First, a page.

The Ghosts of Eureka are still haunting us. Terra Australis has come a long way since the rebellion of 1854, but that last crucial step to becoming a fully independent nation again, remains elusive.
Journalist and author Peter FitzSimons recounts how he once discussed the Eureka Rebellion with former Prime Minister Tony Abbott, and how Abbott expressed his misgivings about that seminal moment in Australia’s history: “Let’s not forget those guys raised arms against the Crown!”
I am unclear if this exchange was what prompted the author of ‘Eureka – The Unfinished Revolution’ to get involved with the Australian Republican Movement (ARM), but it illustrates what it is still up against in the current climate of political upheaval and polarised debate.
Not even the footy finals seems to have calmed things down as it normally does this time of year. We are a country in apparent disagreement about most things, headed for what may well be the most aggressive federal election fight since 1975, with the possibility of a landslide swing not unlike what the Liberal Coalition enjoyed then, except to Labor this time around.
Very careful to be non-partisan, FitzSimons and ARM CEO Michael Cooney are currently doing a series of ‘town hall’ meetings – in pubs, of course – around the country and I caught up with them in Perth last week. They are keen to make their cause a lot less divisive than what it was in the 1999 referendum when the ‘monarchists’ won by almost 10%. They also recognise that the challenge is to keep it simple, suggesting a two-stage process.
The first is a plebiscite to decide on the basic principle: ‘Do you believe Australia should have an Australian as Head of State?’ Opposition Leader Bill Shorten has committed his party to a plebiscite on this question during their first term in office.
The ARM’s focus is equally straightforward. “We are a one-trick pony”, FitzSimons says. Their own polling shows that 50% of Australians support their cause, 25% don’t. Their focus is on the 25% that are undecided.
“We just want people to accept the obvious“, FitzSimons contends, his signature red bandana proving to be less of a distraction than I expected (some say he was born with it). His style is direct and casual, but he is very careful to focus on the ridiculous notion of our Head of State being a foreigner, without ridiculing the Queen herself.
He tells the story of ‘his’ niece Esmeralda who he has extremely high hopes for, and makes the point that this little girl can become whatever she likes – an Oscar-winning actress, a Wimbledon champion or the doctor that finds the cure for cancer – except she can never be the Head of State of Australia. Why? Because she is not a member of the royal family of the United Kingdom!
Simple and effective messaging that befits a best selling story teller.
Michael Cooney adds that it is not even important what we end up calling our Head of State – might as well still be the Governor General to underline how this change makes absolutely no difference to how our country is governed.
Yet this may still be the biggest challenge that the ARM faces – maybe even more so than it was in 1999. Tony Abbott and some of his acolytes may still see us as a colony, but the major obstacle for many remains the notion of Australia becoming a republic. A republic implies a President, and a President implies a Trump. Or some such ‘strongman’ of un-tethered powers.
Nobody wants that, and nobody is suggesting that; certainly not the ARM.
In my own writings about democracy I barely mention the notion of an Australian Head of State. Instead I focus on many other changes to make our democracy work better. Having an Australian as Head of State will not change democracy.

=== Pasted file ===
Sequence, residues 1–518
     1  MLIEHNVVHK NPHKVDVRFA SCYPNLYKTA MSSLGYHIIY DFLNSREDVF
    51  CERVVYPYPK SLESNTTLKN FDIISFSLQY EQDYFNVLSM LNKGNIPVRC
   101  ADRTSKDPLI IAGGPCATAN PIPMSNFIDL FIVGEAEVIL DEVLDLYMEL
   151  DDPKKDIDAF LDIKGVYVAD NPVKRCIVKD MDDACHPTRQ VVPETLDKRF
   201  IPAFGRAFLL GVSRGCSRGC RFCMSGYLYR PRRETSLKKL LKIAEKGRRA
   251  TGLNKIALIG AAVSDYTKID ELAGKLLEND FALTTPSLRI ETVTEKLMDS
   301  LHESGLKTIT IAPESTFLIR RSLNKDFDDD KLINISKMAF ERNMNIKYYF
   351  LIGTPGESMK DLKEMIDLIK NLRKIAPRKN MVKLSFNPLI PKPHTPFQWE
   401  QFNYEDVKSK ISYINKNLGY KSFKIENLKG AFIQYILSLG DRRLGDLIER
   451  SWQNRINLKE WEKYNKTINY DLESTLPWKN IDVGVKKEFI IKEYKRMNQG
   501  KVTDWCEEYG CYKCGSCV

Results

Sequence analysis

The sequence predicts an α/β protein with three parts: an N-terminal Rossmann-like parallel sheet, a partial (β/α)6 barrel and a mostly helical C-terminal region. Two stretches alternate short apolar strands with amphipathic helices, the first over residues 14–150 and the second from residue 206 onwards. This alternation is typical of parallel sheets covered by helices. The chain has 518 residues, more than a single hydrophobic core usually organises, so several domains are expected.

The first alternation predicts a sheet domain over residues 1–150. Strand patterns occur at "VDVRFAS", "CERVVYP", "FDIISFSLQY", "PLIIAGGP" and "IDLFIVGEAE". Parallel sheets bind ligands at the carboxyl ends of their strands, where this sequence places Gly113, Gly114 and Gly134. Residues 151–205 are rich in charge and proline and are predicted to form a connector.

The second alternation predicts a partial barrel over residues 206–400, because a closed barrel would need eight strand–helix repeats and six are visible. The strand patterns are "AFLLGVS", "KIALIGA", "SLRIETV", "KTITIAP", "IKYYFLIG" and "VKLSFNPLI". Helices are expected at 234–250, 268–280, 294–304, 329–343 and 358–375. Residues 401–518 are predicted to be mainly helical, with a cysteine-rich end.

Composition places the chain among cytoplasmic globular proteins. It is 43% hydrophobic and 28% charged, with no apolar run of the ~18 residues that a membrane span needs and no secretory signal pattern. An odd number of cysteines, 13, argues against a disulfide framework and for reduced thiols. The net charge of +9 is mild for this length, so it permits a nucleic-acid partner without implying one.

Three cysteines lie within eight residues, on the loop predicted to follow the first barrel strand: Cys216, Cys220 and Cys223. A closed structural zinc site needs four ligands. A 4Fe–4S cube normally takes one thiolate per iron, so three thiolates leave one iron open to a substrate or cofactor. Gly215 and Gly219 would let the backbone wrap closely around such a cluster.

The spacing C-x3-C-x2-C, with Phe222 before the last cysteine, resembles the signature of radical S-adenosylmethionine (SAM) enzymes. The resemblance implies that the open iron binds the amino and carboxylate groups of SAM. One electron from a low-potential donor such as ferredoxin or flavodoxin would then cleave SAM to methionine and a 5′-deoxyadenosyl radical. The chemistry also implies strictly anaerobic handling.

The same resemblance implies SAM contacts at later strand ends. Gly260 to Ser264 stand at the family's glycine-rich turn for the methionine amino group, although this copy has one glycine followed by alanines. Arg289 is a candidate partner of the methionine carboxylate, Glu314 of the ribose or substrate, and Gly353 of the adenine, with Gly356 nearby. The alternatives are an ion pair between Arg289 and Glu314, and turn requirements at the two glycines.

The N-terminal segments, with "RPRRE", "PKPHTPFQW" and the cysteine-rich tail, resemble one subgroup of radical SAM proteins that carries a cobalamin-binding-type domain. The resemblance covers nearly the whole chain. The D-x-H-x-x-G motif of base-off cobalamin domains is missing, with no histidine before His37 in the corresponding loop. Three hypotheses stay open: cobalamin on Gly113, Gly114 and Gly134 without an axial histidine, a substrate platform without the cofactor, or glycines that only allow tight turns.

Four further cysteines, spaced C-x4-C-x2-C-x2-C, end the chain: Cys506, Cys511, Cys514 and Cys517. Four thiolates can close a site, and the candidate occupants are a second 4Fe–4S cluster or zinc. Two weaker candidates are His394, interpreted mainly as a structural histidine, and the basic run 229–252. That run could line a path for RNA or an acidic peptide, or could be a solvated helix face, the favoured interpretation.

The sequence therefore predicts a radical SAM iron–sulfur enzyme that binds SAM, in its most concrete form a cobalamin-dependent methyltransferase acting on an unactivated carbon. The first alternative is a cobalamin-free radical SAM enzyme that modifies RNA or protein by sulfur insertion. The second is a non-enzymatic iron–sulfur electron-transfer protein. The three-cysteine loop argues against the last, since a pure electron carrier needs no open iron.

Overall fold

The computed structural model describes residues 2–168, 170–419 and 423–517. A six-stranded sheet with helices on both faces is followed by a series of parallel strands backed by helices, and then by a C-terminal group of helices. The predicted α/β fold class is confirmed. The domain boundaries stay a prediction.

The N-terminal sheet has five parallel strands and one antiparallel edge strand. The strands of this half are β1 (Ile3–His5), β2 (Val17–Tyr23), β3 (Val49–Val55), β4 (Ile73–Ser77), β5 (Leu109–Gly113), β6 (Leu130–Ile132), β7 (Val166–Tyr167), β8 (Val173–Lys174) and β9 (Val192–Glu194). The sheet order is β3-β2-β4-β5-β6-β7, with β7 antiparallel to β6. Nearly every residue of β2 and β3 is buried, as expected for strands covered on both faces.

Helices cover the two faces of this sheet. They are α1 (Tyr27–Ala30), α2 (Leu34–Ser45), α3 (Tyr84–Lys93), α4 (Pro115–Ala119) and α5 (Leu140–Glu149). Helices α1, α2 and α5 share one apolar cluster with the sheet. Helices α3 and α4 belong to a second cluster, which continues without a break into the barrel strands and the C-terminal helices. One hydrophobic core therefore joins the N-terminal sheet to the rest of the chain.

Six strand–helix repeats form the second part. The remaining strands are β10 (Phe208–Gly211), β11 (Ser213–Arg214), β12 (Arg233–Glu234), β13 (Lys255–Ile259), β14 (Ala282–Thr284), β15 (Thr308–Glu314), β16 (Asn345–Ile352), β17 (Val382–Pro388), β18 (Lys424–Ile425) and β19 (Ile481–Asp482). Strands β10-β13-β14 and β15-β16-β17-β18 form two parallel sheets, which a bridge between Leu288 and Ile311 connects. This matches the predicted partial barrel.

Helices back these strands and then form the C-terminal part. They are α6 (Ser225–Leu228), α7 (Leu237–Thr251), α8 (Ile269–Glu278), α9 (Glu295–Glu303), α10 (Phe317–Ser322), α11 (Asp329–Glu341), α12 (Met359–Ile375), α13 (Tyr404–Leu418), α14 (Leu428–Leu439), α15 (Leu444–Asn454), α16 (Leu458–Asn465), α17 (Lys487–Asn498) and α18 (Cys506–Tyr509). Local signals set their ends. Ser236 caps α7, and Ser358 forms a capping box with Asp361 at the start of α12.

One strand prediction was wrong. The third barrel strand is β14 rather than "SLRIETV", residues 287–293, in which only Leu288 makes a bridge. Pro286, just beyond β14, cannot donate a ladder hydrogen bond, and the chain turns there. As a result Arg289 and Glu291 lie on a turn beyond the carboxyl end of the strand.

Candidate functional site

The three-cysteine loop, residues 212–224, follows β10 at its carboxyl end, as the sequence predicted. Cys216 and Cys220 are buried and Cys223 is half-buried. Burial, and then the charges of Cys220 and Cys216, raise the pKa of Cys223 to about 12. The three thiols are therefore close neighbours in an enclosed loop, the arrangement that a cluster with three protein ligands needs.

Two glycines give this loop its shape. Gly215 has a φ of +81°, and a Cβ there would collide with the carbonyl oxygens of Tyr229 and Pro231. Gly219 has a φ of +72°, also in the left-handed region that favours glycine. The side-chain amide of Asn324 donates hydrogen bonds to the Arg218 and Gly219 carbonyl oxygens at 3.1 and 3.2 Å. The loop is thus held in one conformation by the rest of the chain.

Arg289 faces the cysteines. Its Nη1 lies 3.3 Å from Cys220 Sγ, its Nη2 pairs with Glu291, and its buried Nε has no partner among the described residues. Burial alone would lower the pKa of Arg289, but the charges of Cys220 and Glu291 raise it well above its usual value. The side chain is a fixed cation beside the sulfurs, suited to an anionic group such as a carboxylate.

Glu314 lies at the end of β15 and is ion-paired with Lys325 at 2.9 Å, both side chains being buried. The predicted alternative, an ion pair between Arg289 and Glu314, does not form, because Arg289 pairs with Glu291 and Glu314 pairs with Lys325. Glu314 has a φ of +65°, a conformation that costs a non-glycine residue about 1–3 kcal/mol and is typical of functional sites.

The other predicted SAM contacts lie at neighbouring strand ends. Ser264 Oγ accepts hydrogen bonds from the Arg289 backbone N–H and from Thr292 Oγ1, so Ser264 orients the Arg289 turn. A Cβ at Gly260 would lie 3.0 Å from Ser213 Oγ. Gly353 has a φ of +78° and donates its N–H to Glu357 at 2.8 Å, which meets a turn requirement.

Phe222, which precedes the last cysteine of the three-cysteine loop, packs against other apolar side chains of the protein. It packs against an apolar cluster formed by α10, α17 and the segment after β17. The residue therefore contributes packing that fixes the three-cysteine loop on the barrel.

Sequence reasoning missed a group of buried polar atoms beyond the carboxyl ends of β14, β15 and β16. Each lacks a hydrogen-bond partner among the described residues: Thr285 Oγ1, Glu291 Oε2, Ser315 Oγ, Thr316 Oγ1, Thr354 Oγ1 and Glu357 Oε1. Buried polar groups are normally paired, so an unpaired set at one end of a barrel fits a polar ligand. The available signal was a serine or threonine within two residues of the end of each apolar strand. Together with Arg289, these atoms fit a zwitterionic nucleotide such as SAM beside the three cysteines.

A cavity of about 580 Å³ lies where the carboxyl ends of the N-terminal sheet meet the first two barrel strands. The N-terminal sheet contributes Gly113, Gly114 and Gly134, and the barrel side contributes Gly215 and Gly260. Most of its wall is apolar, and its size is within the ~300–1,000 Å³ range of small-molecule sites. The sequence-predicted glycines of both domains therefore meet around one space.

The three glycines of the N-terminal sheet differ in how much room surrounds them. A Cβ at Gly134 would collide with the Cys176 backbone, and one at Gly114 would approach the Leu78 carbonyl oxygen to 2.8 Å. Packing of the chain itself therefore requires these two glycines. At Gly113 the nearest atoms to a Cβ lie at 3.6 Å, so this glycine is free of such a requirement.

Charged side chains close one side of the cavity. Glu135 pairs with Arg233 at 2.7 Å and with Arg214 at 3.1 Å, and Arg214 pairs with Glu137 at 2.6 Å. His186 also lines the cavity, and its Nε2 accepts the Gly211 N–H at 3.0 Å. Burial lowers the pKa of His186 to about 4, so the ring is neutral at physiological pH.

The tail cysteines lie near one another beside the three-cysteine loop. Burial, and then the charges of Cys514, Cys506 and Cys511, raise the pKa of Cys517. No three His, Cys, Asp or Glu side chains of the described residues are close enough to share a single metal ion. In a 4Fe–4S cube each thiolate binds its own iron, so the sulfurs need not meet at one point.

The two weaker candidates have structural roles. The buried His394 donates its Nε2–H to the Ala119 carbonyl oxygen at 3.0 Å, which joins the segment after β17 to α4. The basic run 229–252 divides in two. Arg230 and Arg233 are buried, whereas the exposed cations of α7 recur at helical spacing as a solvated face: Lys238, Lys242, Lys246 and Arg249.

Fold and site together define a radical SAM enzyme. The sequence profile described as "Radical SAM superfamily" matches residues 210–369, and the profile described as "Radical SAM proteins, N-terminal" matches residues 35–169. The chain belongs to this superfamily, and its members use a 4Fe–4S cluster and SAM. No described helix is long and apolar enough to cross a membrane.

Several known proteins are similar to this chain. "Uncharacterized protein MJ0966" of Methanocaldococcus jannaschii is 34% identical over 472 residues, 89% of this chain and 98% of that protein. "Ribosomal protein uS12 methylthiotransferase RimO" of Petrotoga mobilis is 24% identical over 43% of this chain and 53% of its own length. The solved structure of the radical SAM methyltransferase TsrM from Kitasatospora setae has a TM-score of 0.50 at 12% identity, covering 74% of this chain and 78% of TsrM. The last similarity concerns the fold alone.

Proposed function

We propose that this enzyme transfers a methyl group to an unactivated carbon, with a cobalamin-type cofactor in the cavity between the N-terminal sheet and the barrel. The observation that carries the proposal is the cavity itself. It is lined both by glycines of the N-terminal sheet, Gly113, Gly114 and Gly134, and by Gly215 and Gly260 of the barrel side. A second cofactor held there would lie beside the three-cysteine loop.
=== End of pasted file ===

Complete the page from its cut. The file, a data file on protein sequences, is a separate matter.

But it will change how we feel about ourselves as a nation.
It will finally break the last shackles that symbolically binds us to our colonial past. But it won’t change how we live, how we defend the country, who we chose as our friends and what sports we engage in. The Ashes will still be as hotly contested and we will still win lots of gold medals at the Commonwealth Games.
In practical terms it means little, symbolically it means a lot.
The practicalities will, however, come into it for stage two of the ARM proposal: How to select a Head of State. FitzSimons is clear in his view it should be a person nominated by the Prime Minister, just as it happens now for the Governor General, except he or she doesn’t ask the Queen or the King for their consent – which incidentally has always been given, anyway.
The official ARM view, however, is that it doesn’t matter if the Head of State is elected or appointed. It is not a position of Government, but a figurehead for the nation with representative tasks and essentially ceremonial powers. It requires a change to the Constitution and therefore a referendum is required. If the principal question of us having an Australian Head of State has already been voted on in a plebiscite, the ARM hopes that stage two will be much less divisive.
And it may also help us finally lay to rest the enduring and most vexing issue of our modern history – indigenous reconciliation. As FitzSimons puts it: “let’s not forget that this country has been populated not just since 1788, but for over 60,000 years.” Having the last vestige of what the original inhabitants experienced as an invading force removed from our Constitution changes any formal documents of reconciliation from something granted by the invaders (‘the Crown’), to a treaty between equals.
Extinguishing the Ghosts of Eureka
The Eureka Rebellion of 1854 was the beginning of Australians claiming independence from the British Empire, culminating in Federation in 1901.
It is time for our indigenous country-women and men to have their own Eureka moment.
Only then can Australia again be the independent nation it once was.